In the 21st century, a blue suit will take you to any event that is labeled "Black Tie". You are not pretending to have a tuxedo, you are simply opting to wear a blue suit – do so with aplomb and do not discuss the restrictions placed on the invitation. In the same vein, if you are heading to Stinson Beach for the weekend, your blue suit will take you to the best restaurant in town elegantly. And, yet, at the same time you will be ready for San Francisco the next day. Your blue suit will take you to the opera and the Carnelian Room or to City Lights and Pomodoro Pizza with equal ease and comfort. As a young gentleman especially, you will find that wearing a suit will get you a few more "yes, sirs" and "right this way, sirs", and a few fewer, "do you have an ID?"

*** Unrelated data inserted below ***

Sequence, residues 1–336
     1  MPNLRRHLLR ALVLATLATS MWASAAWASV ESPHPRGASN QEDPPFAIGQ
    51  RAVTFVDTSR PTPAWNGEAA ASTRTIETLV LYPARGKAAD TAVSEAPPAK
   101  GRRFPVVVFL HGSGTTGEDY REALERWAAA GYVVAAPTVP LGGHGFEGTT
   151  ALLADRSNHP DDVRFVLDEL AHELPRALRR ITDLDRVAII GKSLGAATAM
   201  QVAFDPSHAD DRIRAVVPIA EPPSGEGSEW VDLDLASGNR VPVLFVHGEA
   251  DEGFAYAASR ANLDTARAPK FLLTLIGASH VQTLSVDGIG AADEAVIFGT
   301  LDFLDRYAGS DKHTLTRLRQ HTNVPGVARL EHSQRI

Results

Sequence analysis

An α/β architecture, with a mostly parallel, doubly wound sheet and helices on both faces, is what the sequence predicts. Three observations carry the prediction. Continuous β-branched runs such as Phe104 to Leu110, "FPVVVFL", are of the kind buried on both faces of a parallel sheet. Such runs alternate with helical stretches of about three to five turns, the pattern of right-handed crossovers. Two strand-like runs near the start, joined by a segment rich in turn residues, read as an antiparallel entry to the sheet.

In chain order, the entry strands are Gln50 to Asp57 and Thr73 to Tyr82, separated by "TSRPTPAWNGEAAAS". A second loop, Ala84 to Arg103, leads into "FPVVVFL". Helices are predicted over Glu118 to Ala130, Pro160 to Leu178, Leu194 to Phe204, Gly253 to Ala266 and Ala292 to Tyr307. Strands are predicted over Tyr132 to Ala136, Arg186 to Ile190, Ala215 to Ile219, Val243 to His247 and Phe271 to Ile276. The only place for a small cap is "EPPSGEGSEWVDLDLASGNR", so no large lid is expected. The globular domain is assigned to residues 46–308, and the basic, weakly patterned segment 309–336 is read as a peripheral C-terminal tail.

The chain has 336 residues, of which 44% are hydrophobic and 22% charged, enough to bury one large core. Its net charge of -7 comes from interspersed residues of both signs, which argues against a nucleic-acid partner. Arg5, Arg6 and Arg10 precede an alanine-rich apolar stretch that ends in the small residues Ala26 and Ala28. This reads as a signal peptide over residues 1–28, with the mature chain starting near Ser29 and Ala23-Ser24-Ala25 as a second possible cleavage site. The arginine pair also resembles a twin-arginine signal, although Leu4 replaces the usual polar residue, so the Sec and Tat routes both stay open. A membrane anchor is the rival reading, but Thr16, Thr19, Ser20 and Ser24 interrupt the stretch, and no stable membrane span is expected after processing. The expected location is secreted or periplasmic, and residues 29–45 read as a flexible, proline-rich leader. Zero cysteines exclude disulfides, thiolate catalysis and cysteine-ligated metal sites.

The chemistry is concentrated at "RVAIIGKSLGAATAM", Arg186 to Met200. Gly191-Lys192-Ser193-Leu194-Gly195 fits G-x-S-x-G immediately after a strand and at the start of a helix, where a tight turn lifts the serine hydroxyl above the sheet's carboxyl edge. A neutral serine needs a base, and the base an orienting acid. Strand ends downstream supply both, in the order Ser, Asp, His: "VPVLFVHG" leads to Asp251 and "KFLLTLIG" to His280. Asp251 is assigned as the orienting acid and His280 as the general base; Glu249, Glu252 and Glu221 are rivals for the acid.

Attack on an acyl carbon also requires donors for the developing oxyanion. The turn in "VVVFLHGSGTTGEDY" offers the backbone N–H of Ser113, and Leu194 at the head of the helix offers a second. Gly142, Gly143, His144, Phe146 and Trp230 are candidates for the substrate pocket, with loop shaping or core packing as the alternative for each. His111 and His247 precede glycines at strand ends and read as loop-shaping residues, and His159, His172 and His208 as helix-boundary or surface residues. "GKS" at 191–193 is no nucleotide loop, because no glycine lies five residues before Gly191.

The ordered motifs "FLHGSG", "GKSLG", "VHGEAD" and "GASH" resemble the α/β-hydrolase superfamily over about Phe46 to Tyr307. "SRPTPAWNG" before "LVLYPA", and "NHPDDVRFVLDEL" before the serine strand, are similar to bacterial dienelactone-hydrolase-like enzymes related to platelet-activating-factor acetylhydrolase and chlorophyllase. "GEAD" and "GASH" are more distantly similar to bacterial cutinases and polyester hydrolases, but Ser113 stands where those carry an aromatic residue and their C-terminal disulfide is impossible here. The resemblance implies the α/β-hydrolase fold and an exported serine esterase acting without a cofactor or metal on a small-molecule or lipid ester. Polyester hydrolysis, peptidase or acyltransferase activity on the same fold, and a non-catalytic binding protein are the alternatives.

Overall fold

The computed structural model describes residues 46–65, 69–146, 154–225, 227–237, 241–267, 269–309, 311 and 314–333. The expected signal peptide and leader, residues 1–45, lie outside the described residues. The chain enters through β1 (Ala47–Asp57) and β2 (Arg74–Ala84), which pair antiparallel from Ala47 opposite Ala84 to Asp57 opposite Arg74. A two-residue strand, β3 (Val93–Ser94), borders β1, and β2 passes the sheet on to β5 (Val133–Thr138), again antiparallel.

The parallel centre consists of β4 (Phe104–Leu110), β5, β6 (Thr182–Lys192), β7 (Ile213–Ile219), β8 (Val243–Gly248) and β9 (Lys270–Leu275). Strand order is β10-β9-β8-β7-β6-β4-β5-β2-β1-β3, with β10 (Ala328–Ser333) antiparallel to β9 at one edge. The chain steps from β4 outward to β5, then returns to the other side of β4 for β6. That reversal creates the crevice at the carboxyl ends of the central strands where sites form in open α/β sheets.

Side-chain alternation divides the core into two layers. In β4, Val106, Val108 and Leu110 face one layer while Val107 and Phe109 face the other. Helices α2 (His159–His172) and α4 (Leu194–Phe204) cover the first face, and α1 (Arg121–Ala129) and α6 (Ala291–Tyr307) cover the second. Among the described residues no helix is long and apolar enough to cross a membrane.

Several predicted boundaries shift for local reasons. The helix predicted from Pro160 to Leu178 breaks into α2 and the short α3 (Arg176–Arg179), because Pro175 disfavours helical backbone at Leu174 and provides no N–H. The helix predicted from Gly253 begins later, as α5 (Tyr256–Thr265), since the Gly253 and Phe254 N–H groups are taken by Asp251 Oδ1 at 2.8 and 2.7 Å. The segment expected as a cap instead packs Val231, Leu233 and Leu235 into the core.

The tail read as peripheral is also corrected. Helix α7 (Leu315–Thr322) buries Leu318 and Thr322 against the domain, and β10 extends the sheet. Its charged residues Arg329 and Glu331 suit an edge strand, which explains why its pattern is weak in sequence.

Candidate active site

Components of a suit.
Like your blue blazer, the best blue suit will have a fairly straight cut three button jacket. The notable difference between the suit jacket and the blazer is the presence of metal buttons on the blazer. The suit will, at the most basic level, have plastic buttons of the same color as the fabric of the suit. Higher class suits, like your Bond Street tailored model, may employ more expensive materials for the buttons, but they will always blend in with the color of the suit. The trousers should be plain front, cut much like your khakis, though they may be a bit more tailored. Your girlfriend may like pleats, but they are wrong on anything but your kilt. Trousers may be finished with or without cuffs, but a cuffed look seems to be a bit more opulently traditional.
If your budget requires that you choose between a blue blazer and a blue suit, I would go with a good, conservative blue suit. You can use the jacket like a blazer, and it has an austere look that pairs well with khakis.
Up next: Your Shirt Wardrobe!!
Friday, February 6, 2009